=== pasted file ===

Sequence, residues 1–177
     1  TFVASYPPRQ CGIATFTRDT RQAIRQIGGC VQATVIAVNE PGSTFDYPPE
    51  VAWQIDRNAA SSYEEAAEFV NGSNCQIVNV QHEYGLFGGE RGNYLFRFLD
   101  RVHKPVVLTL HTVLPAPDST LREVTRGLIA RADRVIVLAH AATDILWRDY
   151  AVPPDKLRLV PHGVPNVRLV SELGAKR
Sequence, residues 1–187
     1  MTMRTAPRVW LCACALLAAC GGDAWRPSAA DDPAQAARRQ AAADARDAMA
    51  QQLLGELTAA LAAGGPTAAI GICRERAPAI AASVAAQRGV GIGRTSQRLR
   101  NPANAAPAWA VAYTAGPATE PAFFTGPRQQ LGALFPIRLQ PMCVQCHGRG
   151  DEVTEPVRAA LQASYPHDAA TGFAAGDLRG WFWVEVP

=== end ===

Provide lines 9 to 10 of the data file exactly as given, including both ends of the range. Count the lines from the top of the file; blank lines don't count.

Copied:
   101  NPANAAPAWA VAYTAGPATE PAFFTGPRQQ LGALFPIRLQ PMCVQCHGRG
   151  DEVTEPVRAA LQASYPHDAA TGFAAGDLRG WFWVEVP